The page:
[Strawbale] Strawbale roof insulation

Coralie & Andre de Bouter m.ep at laposte...
Thu Sep 19 09:41:25 CEST 2002

Dear Mark et al,

> (1) I can't help thinking, despite what has been written here, that wool
> insulation won't fully take off until it can be insect-proofed safely
> without being smelly, and this at a reasonable cost.
* In present consumer world, I agree. But consience needs to change as much
as our products do.

> (3) Can you give us more details, Andre, of what this good French book
> says?  What is the chemical treatment it refers to, and what health
> hazard does it pose?  (Most of the installations I've heard of use
> borax;
> I'm not aware of any significant health hazards associated with it but
> would certainly like to know - plus preferably see the evidence - if
> there are.)
* Isolation Ecologique 'par Jean Pierre Oliva, published by Terre Vivante, a
30 year old ecological center here in France) says:
The antimite products (Eulan, Mitin ou Konservan) are synthetic
pyrétrinoïdes. Of wich the the toxicity for hot blooded animals is very low,
but not negligable. Research is being done to 'stabilize' the molucule de
natural prynèthre of wich the life is reduced extreemly by oxidation.
The book also mentions the Borax as anti fire treatment.

> (4) I'm sure there's plenty of research still to be done on sheeps wool.
> To take one example, how significant is carding in the process of
> insulation production?  (CAT seem to think it was important in their
> building.)  The argument is that with less lumps you get less
> coldbridging and so a better insulant - but by what margin, and how
> would the lifetime savings compare with the energy costs of the carding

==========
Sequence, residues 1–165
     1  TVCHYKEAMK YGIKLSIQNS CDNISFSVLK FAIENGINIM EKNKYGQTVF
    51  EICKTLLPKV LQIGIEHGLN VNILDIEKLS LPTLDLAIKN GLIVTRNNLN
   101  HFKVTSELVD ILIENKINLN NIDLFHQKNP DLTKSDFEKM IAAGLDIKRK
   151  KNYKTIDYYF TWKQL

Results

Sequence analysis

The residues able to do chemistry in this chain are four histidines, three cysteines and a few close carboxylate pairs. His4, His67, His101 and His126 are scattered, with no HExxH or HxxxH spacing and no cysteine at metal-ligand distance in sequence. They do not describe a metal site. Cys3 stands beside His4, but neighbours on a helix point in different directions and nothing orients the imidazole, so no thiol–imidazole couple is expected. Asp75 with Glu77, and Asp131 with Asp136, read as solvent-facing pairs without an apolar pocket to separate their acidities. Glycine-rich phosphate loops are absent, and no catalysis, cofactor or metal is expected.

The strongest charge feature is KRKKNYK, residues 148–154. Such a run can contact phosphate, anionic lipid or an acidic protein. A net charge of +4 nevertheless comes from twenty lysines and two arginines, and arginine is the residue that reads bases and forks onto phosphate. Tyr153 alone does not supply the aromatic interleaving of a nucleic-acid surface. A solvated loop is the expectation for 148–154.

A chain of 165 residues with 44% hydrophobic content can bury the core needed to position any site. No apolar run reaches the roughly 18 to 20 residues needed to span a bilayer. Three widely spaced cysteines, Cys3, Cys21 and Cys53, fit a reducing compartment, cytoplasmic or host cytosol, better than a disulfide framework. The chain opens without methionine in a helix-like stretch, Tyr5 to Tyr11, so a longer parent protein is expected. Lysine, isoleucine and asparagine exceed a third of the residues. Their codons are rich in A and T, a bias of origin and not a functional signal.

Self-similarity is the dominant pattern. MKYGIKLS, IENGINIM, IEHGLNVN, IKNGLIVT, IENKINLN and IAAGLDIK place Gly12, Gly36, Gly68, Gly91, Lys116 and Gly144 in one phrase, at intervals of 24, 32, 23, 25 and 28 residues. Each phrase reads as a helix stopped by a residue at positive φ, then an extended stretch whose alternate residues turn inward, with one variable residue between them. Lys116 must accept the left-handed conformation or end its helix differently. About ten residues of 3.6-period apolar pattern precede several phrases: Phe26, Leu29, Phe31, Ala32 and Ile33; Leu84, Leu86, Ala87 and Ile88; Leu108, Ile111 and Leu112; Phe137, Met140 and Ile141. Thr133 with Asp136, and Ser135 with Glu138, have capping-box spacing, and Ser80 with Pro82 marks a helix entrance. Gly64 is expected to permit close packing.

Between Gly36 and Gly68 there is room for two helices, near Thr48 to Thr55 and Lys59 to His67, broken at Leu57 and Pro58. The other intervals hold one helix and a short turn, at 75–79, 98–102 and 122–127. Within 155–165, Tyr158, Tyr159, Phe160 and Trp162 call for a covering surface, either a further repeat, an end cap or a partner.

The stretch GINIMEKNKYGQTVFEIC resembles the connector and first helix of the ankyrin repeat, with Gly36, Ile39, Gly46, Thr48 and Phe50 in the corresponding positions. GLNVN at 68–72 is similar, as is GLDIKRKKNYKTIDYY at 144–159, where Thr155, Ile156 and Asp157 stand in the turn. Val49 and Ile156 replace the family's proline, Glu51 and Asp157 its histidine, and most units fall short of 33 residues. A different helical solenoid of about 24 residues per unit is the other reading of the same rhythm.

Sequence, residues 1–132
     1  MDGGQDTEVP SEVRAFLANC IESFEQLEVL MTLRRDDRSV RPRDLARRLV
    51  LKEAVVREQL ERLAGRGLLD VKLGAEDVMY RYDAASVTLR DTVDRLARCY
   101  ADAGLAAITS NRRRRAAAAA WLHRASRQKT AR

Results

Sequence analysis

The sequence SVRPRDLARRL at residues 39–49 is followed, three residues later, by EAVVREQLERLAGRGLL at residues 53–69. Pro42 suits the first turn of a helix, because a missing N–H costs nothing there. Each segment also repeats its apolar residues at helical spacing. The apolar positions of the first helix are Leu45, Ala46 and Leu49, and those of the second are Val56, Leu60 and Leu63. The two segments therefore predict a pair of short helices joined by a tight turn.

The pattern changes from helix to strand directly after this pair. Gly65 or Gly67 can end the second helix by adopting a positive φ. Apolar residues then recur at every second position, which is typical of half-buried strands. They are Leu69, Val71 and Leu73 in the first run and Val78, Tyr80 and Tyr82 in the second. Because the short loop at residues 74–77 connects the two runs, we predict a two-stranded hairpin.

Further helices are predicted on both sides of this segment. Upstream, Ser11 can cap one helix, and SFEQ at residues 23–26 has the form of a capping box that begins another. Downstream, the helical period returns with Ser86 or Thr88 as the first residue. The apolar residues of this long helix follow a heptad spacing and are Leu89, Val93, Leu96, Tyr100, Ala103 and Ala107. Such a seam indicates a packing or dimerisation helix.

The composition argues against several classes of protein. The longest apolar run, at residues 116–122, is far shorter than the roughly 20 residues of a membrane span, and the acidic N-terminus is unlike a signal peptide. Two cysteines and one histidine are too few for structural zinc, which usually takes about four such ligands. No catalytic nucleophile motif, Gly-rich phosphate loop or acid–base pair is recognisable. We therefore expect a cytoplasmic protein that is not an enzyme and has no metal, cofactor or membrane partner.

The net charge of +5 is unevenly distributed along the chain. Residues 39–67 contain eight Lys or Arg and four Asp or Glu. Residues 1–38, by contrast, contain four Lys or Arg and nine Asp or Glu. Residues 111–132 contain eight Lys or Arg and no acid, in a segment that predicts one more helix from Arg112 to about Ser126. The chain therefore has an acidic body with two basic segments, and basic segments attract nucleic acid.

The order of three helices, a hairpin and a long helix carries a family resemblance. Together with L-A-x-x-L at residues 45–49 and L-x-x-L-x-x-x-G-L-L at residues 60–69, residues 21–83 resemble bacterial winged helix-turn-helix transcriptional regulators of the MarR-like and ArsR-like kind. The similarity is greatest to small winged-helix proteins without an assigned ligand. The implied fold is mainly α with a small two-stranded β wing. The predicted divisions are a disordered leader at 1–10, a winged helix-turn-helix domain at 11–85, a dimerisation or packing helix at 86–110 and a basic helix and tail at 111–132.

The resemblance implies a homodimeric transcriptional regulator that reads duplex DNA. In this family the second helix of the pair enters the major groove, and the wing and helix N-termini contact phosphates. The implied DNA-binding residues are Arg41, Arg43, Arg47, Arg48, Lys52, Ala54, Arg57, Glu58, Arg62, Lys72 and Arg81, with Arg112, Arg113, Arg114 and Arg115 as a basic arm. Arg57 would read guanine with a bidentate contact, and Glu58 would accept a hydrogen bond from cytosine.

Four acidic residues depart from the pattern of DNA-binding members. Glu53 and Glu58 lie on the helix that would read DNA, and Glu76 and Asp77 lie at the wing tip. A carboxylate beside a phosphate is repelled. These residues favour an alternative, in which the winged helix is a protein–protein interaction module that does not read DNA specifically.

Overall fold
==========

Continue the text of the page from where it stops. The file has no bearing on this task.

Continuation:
> process?

I like to get my products directly from the producer when I can. Putting in
a bit thicker layer probably has less impact on our environment than
installing a factory and sending truckloads over the country. This might not
be so easy for those who live in the big city, but then again, maybe some of
them should come and live in the country again. I don't think there exsist
solutions to make Paris (a few million habitants) livable.
Or as Pierre Rahbi puts it. Living in a system that is not repairable, we
better work towards an other system of living.


> atb,
> Mark
> Andre de Bouter wrote:
> >
> > > Industrially processed sheepswool is clean, easy to handle and does
> > > not smell a lot.
> > It also costs a lot more since they wash and treat the wool, plus
> > they (and the reseller) need to make a buck. I'm told (by a good
> > French book on Ecological Insulation) that the chemical treatment
> > used by almost all companies is not a healthy one for neither builder
> > nor owner.
> > But hey, it looks and smells really clean ;-)
> > Andre
> >
> Harald Wedig wrote:
> > > Hello Barbara,
> > > people have made mistakes with sheepwool insulation, just as with
> > > ( is that the right word for grain shells ?) and other organic
> > > materials. We all know, that organic materials are very sympathetic to
> > > ALL liveforms; not only to humans.
> > > We need to understand  wool like we need to understand straw, before
> > > can use it without any risk.
> > > Industrially processed sheepswool is clean, easy to handle and does
> > > smell a lot.
> > > Cheers, Harald
> > >
> Barbara Jones wrote:
> > > > Hi Harald
> > > > Glad to hear it is possible after all. I was sure it would be. Still
> > > > don't understand then the need for such commercialisation of sheeps
> > > > wool as a product, though am glad it's coming into mainstream.
> > > > Perhaps because the "ordinary" buyer wants something that looks like
> > > > rockwool?
> > > > Best wishes
> > > > Barbara
> ____________________________________________________
>     European strawbale building discussion list
> Send all messages to:
> Strawbale at amper....muni.cz
> Archives, subscription options, etc:
> http://amper.ped.muni.cz/mailman/listinfo/strawbale
> ____________________________________________________

More information about the Strawbale mailing list